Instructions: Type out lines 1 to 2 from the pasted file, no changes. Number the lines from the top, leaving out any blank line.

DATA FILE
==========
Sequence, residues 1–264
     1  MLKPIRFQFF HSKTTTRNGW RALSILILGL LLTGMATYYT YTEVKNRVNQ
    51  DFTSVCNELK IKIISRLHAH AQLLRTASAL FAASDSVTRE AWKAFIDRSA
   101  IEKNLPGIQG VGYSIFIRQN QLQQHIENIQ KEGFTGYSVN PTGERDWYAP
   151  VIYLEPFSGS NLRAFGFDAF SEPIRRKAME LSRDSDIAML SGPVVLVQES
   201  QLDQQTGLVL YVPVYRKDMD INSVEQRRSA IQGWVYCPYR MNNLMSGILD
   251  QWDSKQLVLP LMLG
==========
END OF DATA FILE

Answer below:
Sequence, residues 1–264
     1  MLKPIRFQFF HSKTTTRNGW RALSILILGL LLTGMATYYT YTEVKNRVNQ